After school
I take part in an after school program where I have some kids come in and play chess. Only had two take part today. Hope I can get more.

That's about all for today.

Tuesday, January 19, 2016

Documenting My Class and What Really Goes On There

I have decided, at least for a while, to document what goes on in my classroom both in what I am teaching and the way I interact with the students.  I thought someone ought to tell what really happens here. I will not use any names, just some initials, perhaps even just one of those.

This semester I am teaching Advanced Placed Literature and Composition (AP Lit), Advanced Placement Language and Composition (AP Lang) and English III.

The topics for those courses today were:

AP Lit: Shakespeare's King Lear
AP Lang: The rhetorical situation, specifically Lou Gehrig's "Farewell Address"
English III: Poetic devices, specifically Edward Arlington Robinson's "Richard Cory"

Here are some of the incidents that came up in class today.

T had his earbuds in listening to his music. I had to tell him a couple of times to take them out.
J had her head down on her desk despite my attempts to get her up and engaged. She did little work.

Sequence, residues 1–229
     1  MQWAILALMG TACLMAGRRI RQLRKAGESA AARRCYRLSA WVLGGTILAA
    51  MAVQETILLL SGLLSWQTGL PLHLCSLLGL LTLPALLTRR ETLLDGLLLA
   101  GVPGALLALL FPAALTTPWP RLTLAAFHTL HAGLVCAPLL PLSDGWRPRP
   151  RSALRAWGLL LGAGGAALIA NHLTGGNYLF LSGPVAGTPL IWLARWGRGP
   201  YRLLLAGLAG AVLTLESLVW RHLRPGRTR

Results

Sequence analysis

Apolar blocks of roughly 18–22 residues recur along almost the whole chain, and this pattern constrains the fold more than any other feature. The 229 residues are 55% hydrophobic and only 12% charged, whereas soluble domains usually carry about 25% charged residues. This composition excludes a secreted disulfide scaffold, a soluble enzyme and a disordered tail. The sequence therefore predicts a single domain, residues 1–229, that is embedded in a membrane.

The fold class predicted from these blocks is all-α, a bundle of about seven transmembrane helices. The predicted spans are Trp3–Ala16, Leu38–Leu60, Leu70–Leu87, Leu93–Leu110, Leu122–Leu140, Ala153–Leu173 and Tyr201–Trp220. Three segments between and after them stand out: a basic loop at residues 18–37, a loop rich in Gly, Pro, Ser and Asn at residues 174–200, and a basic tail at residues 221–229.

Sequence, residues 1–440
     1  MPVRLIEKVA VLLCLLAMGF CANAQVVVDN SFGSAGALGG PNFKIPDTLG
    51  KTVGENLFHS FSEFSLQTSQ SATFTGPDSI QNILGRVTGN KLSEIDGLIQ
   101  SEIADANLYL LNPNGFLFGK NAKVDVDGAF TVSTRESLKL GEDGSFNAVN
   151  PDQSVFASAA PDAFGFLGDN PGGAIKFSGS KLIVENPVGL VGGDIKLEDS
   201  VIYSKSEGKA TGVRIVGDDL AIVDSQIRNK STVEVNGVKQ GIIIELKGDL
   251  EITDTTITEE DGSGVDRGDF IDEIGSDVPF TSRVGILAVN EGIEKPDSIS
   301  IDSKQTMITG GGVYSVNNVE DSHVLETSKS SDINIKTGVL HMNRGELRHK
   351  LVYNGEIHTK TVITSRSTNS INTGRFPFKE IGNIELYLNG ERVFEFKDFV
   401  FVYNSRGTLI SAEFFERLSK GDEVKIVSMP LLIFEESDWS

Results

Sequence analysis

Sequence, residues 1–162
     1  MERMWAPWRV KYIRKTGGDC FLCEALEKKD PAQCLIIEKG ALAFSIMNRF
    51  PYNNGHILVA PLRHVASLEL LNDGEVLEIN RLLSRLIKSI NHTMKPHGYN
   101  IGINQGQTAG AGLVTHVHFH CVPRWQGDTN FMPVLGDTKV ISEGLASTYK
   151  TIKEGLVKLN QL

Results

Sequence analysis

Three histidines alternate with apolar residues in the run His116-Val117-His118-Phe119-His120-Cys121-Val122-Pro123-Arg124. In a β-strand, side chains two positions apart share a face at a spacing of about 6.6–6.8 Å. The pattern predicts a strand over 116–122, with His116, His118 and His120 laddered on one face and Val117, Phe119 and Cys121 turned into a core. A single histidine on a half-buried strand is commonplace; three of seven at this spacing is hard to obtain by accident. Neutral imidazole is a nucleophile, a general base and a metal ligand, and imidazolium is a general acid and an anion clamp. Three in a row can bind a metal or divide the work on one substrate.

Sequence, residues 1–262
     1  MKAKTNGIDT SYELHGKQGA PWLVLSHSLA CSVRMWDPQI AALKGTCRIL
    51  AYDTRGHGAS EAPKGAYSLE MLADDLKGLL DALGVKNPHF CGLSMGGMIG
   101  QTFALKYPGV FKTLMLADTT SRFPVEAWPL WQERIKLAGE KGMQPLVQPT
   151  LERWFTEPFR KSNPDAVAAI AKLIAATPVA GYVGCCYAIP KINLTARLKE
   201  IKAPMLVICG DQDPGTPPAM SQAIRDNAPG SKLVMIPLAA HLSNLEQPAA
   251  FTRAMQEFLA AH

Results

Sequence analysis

X has been absent now for 4 days straight. Someone said that he is in the hospital.
C called a girl a "bitch ass" and told another to "shut your punk ass." I called his mom who said that she would address this problem.
J had her phone out, partly covered by her bag. When I told that she had to put it away and not hide it, she got defensive over the fact that I thought she was hiding it, which was not the point at all.
In another class, D had her head down on her desk and became upset when I forbid her doing it. She only partially finished her work.
D also had his earbuds in most of class.
I spent most of the hour doing work for another class despite the fact that I told her that she had to do the work in this one. She did not put up her work or do the work in my class.
Q likes to wander around the room when I am helping other students.  He did this several times.
M kept getting phone calls from her "father," and when I told her to put the phone away and not talk on it, she called me a "weirdo," her favorite term for teachers who tell her she cannot do whatever she wants in school.

We recently ended having lunch detention because it was not effective in altering students behavior.
If we give an lunch detention, it will have to be in our classrooms during our lunch hour. I don't share a lunch hour with most of these kids.
Our administration is trying to curb suspensions both in and out of school.
What am I to do?